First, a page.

Cannabis Patient Care - March/April 2021

Cannabis Patient Care - March/April 2021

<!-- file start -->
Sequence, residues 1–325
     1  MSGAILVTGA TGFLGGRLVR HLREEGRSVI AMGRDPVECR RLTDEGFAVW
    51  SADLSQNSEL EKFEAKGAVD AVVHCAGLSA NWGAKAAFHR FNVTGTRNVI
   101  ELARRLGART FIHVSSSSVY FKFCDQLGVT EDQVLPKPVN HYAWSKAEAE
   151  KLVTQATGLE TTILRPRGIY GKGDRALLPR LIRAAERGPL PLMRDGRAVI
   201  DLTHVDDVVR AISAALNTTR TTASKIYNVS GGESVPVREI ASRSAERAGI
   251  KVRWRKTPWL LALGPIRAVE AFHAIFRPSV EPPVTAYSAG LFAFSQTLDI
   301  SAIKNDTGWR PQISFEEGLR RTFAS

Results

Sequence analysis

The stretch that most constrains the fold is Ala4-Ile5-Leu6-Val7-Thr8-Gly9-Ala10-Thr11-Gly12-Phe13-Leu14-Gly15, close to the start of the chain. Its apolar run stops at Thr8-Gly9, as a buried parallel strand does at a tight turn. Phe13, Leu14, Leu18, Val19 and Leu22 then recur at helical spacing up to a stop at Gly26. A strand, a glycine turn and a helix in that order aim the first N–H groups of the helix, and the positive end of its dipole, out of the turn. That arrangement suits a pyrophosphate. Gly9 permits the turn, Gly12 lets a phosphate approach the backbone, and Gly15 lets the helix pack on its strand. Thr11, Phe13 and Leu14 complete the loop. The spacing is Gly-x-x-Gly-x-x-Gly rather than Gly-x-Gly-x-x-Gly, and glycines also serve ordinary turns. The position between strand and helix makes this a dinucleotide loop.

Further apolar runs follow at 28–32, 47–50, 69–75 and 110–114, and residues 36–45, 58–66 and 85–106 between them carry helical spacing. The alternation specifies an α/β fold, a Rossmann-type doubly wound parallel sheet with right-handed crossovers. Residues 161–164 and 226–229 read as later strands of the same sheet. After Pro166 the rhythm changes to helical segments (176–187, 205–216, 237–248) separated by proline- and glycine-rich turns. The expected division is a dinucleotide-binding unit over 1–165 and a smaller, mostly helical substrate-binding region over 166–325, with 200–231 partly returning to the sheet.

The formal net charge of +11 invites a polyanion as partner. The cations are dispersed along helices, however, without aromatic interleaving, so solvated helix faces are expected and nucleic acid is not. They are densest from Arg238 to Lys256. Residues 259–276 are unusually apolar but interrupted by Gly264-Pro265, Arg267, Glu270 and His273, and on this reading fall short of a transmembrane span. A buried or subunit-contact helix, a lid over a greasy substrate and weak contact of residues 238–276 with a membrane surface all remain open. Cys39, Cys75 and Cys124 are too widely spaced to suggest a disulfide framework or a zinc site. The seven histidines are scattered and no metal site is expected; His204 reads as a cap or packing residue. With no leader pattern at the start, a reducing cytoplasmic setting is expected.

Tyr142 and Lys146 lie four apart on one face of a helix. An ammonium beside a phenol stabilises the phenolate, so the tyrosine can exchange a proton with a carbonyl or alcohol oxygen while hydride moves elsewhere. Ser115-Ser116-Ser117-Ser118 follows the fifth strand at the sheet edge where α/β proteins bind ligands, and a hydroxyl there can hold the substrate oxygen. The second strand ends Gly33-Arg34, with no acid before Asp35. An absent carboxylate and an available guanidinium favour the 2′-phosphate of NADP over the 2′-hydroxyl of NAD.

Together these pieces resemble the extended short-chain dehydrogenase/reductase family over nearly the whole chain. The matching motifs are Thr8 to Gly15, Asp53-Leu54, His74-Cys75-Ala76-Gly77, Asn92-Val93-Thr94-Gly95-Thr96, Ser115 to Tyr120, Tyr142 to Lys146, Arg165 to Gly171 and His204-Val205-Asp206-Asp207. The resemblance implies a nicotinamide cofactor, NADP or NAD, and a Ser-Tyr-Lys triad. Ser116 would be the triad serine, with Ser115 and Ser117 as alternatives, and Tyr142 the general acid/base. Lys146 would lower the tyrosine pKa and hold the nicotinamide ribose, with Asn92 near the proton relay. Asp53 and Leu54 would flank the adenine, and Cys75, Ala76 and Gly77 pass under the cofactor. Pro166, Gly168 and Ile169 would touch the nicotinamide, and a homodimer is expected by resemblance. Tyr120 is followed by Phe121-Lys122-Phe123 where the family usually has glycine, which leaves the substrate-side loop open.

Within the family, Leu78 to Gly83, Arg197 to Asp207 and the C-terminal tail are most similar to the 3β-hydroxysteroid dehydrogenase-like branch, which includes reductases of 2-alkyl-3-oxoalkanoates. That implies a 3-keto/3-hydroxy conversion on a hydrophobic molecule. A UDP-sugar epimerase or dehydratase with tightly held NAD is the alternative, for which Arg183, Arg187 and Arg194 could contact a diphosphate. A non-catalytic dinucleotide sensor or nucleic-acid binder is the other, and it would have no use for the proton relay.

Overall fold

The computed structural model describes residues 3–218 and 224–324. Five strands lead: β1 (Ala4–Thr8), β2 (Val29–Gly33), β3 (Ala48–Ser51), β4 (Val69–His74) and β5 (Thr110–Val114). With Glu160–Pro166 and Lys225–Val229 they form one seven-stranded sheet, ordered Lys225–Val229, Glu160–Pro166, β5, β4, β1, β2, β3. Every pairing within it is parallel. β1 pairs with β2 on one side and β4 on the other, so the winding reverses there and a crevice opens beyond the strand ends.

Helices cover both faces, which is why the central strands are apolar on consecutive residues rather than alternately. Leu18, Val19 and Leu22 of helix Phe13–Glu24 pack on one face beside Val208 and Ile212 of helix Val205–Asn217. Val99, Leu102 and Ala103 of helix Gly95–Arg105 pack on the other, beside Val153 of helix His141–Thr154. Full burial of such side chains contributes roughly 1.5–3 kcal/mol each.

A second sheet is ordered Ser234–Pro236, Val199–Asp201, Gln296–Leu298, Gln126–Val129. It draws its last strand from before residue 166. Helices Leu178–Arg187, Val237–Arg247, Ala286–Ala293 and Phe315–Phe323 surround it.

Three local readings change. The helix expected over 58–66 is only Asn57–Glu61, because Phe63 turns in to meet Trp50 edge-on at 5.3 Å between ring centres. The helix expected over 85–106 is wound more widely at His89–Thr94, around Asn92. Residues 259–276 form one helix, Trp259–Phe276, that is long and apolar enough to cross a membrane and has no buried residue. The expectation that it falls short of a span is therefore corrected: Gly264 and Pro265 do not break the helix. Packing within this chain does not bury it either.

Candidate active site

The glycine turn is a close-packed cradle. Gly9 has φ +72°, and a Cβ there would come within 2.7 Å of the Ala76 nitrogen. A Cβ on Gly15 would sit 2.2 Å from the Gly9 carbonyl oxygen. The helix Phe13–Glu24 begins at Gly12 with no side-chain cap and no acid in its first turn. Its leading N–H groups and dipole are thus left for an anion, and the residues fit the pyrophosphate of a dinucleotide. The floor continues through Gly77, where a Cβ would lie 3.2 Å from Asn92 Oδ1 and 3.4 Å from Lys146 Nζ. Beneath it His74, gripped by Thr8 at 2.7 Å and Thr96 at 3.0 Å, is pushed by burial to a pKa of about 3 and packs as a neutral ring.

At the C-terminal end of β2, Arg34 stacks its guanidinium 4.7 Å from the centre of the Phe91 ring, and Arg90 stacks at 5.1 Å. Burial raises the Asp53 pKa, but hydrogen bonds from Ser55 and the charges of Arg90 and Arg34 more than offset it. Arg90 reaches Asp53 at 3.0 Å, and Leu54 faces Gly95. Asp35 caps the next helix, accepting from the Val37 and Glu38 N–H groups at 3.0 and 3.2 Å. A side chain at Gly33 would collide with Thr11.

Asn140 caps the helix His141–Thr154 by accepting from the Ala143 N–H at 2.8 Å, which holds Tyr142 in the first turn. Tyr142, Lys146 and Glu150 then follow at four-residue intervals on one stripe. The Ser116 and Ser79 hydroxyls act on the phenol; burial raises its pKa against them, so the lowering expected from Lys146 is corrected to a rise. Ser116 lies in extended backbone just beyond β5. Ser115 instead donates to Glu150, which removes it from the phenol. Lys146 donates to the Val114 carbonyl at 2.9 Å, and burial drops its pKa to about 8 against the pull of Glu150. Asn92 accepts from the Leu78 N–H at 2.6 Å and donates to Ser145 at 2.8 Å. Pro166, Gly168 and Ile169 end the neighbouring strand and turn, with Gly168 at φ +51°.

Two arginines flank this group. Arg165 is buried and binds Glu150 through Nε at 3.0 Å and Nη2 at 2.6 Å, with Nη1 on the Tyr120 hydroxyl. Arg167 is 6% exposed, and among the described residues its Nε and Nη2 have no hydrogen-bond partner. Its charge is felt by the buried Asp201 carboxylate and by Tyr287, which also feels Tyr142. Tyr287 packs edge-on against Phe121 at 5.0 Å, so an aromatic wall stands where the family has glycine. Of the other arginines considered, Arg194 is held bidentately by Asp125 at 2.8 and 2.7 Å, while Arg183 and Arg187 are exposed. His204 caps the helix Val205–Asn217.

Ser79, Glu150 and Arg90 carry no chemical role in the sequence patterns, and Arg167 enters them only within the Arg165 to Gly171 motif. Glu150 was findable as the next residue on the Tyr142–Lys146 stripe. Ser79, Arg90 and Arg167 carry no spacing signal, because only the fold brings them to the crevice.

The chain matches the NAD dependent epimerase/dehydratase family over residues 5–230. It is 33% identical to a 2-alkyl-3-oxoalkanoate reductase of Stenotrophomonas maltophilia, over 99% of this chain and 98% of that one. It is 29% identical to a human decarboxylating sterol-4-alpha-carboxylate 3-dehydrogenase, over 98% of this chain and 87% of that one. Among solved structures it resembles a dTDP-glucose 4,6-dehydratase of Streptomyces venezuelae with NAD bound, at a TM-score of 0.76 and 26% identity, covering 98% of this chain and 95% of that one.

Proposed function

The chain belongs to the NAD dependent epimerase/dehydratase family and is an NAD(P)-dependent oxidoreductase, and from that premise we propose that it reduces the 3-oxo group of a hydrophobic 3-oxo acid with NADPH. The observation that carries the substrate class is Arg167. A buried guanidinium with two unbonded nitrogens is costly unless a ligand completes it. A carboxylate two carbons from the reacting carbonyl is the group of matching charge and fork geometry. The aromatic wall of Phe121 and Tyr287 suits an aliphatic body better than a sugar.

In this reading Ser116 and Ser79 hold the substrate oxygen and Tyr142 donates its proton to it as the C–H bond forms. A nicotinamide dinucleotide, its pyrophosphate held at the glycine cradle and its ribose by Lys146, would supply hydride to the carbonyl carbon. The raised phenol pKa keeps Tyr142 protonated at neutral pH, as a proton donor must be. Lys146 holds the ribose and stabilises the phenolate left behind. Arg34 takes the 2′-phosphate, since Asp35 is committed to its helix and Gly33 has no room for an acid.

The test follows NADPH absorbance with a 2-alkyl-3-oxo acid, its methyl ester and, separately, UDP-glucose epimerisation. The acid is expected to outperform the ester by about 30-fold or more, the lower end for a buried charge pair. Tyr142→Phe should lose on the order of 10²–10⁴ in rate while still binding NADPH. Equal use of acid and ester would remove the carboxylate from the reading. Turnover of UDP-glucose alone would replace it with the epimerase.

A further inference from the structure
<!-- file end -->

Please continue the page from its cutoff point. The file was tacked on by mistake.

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14 cannabis patient care | vol. 2 no. 1 patient focus Cannabis as the Go-To Therapeutic: One Family's Personal Journey of Discovery B Y D A V I D H O D E S M ORE AND MORE RESEARCH in treating previous- ly untreatable diseases and conditions is accel- erating, in part because of new discoveries within certain plants such as cannabis, but also because of a general surge in life sciences research and discoveries. A unique motivating factor happened in early 2020. It was in February that life sciences researchers were handed a sig- nificant challenge to find a vaccine for a deadly novel virus. In record time, British researchers found the first successful treatment for COVID-19: a cheap steroid dexamethasone. That treatment has been credited with saving 650,000 lives across the world, according to an article in The Economist (1), and came about because of genetic sequencing. Today, genetic sequencing is being prioritized in labora- tories across the world to track both variants and reinfec- tions—a process that is spreading to other medical research as a result of the research into treatment for the virus. Even the cannabis genome has been sequenced. In the cannabis world, new discoveries about what can and will soon be treated are also coming fast and furious. Canna- bis has been proven effective for treating chronic pain, multiple sclerosis, epilepsy, and a host of other human maladies (2). But what has really caught the attention of the medical community is the potential for cannabis to treat cancer. Ongo- ing studies are focusing on how cannabis can actually shrink tumors. It can be used successfully for treating the nausea that usually accompanies chemotherapy, and the anxiety of going through that process. For example, recommended drugs to treat prostate can- cer include abiraterone, an androgen biosynthesis inhibitor that works by decreasing the amount of certain hormones in the body (3). It comes with a long list of side effects, including confusion, vomiting, yellowing of the skin or eyes, swelling of the hands and feet, blood in the urine, and more. Another drug is nilutamide, used after prostate surgery to stop the growth and spread of cancer cells. It can cause life-threatening lung disease (4). Life sciences researchers following the "first, do no harm" creed of medicine are always in search of a way to avoid dev- astating side effects that could actually complicate can- cer treatment by creating other health issues for the patient. That's where cannabis comes in. The McKernan Family Story The McKernan family—brothers Brian, Brendan, and Kevin; sister Dr. Melissa McKernan-Pulliam (an electrophysiologist); and their parents Richard and Virginia—are life sciences explorers. The brothers and their father helped build three major companies: Packard Bioscience, a scientific instrumentation company run by Richard, an electrical engineer who had de- signed avionics for military jets; Agencourt Bioscience, one of the largest commercial genomic services company in the US; and Agencourt Personal Genomics, which developed the SOL- iD Next Generation Sequencing Platform that reduced the cost of genome sequencing by a factor of 100,000. All three were acquired by major life science companies— Packard Biosciences was acquired by PerkinElmer in 2001, Agencourt Bioscience was acquired by Beckman Coulter, Inc. in 2005, and Agencourt Personal Genomics was acquired by Applied Biosystems in 2006. Kevin McKernan stayed with Applied Biosystems after it ac- quired Agencourt Personal Genomics, working on worldwide sequencing development with another one of that company's acquisitions, Ion Torrent. Meanwhile, Brendan and older brother Brian formed Courta- gen Life Science in 2010 to move genome sequencing into the clinic to help kids with epilepsy, autism, and mitochondrial dis- ease. "We started seeing an overlap with the cannabis field be- cause a number of doctors and physicians began asking about alternative therapies to help those kids," said Brendan.

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